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Harvard University moving to remote learning over coronavirus concerns

Harvard University
Charles Krupa
Harvard University
SOURCE: Charles Krupa
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Harvard University moving to remote learning over coronavirus concerns
Harvard University is urging students to stay home after spring break and will conduct classes online as the number of coronavirus cases grows in Massachusetts. The school will transition to online instruction for all graduate and undergraduate classes by March 23. Students are asked not to return to campus after spring break.Last week, the school announced a ban on all university-related international travel and non-essential domestic travel. Harvard also urged organizations to cancel non-essential meetings or events of 100 people or more. The announcement came one day after the total number of coronavirus cases in the state rose to 41 with 13 new presumptive cases, according to the state's Department of Public Health.“It seemed like the right move to do because a lot of the colleges nearby were doing the same thing,” student Fowsia Warsame said. “I know a lot of people who planned on remaining here over spring break, so they’re scrambling to get plane tickets and all that now,” student Jack Fetsch said.The announcement was especially challenging for international students. The school said if a student’s home is in a country designated level 3 for COVID-19 they should consult school officials for more information. “I’m from Boston, so it’s lucky for me but I feel bad for my friends from Korea,” student Diego Cachay said.Some students felt especially bed for seniors, whose final weeks of school won’t be spent in the classroom -- but instead at a keyboard. “I’m a senior right now so it’s kind of sad to not have senior year events, and we’re not sure about commencement,” senior Fowsia Warsame said.Amherst College on Monday announced classes would be canceled Thursday and Friday ahead of spring break, which is scheduled for next week. The college said it would then move to remote learning beginning March 23.The risk of COVID-19 to the general public in Massachusetts remains low at this time, according to state health officials.More information from the DPH on COVID-19 can be found by clicking this link.PHNjcmlwdCBpZD0iaW5mb2dyYW1fMF85MTUyMTg3My03NmRhLTQ0ZmUtOTA0Ny1mMTllZWFlZGFjNmQiIHRpdGxlPSJDb3JvbmF2aXJ1cyBpbiBNYXNzYWNodXNldHRzIiBzcmM9Imh0dHBzOi8vZS5pbmZvZ3JhbS5jb20vanMvZGlzdC9lbWJlZC5qcz9yeXoiIHR5cGU9InRleHQvamF2YXNjcmlwdCI+PC9zY3JpcHQ+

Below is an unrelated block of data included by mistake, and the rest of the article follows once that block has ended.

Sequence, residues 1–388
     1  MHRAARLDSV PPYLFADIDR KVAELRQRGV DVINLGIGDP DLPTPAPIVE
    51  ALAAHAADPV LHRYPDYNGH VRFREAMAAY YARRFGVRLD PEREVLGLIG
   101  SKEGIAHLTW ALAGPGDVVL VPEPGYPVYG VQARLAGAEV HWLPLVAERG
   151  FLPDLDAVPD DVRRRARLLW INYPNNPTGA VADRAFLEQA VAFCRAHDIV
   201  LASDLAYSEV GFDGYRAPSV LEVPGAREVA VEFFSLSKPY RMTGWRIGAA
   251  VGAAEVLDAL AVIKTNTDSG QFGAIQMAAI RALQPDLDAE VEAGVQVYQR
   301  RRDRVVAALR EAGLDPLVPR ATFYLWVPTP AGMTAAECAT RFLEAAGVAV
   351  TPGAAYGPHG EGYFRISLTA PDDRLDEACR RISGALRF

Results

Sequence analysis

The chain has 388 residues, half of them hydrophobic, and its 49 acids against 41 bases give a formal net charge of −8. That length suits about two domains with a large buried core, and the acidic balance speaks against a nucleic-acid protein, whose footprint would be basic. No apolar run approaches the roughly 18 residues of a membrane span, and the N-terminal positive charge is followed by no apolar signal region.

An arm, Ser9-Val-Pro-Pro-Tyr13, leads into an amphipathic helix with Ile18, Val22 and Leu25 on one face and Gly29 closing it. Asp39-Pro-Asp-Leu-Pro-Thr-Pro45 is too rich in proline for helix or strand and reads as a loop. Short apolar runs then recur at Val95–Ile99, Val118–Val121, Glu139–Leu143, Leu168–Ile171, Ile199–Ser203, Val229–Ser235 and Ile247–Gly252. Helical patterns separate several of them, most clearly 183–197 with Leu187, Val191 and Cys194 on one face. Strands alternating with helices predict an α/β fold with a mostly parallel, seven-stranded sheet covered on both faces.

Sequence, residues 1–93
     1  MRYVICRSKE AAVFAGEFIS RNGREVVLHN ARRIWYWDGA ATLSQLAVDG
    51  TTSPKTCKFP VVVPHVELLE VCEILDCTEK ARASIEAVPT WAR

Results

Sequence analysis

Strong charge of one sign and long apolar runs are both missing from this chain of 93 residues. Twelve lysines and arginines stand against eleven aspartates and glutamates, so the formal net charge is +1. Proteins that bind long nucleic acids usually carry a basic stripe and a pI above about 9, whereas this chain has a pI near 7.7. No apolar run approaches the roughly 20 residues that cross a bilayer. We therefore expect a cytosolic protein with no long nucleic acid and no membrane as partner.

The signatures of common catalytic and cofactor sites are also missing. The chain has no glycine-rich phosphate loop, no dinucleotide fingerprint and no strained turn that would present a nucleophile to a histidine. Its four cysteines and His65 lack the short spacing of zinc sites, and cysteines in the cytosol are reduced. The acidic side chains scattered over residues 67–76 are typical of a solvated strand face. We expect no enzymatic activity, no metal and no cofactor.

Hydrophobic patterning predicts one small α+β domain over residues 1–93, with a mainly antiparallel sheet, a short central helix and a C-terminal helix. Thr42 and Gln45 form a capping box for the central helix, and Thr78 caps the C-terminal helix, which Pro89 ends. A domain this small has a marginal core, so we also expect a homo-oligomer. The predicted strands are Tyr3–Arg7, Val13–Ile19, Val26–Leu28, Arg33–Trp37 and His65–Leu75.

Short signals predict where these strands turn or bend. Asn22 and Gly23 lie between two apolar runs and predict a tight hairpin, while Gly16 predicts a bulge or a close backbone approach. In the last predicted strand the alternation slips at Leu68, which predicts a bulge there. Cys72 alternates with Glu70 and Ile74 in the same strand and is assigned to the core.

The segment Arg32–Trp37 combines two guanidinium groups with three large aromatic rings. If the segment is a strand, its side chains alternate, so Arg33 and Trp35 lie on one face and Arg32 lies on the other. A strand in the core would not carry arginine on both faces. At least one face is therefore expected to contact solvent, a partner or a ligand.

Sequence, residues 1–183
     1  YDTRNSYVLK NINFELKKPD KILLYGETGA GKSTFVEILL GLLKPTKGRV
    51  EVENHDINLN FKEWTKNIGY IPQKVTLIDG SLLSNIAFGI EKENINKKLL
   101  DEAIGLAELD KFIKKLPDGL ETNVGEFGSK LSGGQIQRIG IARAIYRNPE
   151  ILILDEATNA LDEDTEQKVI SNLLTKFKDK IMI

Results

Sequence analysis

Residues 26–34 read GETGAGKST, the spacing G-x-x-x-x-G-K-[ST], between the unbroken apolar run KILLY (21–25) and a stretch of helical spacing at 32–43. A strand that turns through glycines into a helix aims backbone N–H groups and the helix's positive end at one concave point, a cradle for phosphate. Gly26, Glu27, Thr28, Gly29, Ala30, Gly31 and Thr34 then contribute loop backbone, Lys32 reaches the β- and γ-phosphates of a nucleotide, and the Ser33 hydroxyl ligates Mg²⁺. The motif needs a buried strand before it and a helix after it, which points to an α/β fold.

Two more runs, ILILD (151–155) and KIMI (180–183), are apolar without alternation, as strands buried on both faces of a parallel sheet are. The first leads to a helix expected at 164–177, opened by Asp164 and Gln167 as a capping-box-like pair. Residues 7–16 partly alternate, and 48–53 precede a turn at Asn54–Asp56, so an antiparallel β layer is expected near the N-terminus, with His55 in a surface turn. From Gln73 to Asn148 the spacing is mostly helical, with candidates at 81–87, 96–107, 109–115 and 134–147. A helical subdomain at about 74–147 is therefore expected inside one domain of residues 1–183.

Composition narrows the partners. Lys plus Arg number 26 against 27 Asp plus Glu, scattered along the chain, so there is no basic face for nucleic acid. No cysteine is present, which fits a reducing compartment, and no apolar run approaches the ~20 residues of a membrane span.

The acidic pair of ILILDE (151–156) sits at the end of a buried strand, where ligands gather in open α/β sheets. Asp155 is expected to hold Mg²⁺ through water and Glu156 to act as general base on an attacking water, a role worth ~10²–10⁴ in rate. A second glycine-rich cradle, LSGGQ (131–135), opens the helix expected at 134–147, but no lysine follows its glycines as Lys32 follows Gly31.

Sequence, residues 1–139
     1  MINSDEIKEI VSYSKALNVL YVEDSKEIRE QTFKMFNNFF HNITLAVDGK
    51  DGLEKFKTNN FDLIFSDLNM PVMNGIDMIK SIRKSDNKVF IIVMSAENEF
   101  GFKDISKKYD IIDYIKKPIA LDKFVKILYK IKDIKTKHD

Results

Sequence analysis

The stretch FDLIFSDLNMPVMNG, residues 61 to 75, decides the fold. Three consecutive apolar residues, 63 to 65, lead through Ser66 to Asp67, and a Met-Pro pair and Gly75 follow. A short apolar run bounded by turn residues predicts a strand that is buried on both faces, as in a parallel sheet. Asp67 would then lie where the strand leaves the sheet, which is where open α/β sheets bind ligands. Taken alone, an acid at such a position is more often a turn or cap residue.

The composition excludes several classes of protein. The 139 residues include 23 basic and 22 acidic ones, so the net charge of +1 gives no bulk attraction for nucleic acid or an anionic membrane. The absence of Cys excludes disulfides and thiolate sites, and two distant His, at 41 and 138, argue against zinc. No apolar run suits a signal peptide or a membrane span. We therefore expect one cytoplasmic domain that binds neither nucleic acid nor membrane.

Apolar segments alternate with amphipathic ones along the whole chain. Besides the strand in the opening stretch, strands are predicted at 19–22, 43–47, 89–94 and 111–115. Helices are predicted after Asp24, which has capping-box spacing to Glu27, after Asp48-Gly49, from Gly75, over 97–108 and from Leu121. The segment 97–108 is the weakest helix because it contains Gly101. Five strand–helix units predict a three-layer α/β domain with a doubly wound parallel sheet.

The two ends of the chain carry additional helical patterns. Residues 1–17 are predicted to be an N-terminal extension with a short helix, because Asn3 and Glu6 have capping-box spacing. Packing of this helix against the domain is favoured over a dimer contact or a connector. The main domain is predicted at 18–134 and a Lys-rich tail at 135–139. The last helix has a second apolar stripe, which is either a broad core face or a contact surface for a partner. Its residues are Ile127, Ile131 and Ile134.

Harvard University is urging students to stay home after spring break and will conduct classes online as the number of coronavirus cases grows in Massachusetts.

The school will transition to online instruction for all graduate and undergraduate classes by March 23. Students are asked not to return to campus after spring break.

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Last week, the school announced a ban on all university-related international travel and non-essential domestic travel. Harvard also urged organizations to cancel non-essential meetings or events of 100 people or more.

The announcement came one day after the total number of coronavirus cases in the state rose to 41 with 13 new presumptive cases, according to the state's Department of Public Health.

“It seemed like the right move to do because a lot of the colleges nearby were doing the same thing,” student Fowsia Warsame said.

“I know a lot of people who planned on remaining here over spring break, so they’re scrambling to get plane tickets and all that now,” student Jack Fetsch said.

The announcement was especially challenging for international students. The school said if a student’s home is in a country designated level 3 for COVID-19 they should consult school officials for more information.

“I’m from Boston, so it’s lucky for me but I feel bad for my friends from Korea,” student Diego Cachay said.

Some students felt especially bed for seniors, whose final weeks of school won’t be spent in the classroom -- but instead at a keyboard.

“I’m a senior right now so it’s kind of sad to not have senior year events, and we’re not sure about commencement,” senior Fowsia Warsame said.

Amherst College on Monday announced classes would be canceled Thursday and Friday ahead of spring break, which is scheduled for next week. The college said it would then move to remote learning beginning March 23.

The risk of COVID-19 to the general public in Massachusetts remains low at this time, according to state health officials.

More information from the DPH on COVID-19 can be found by clicking this link.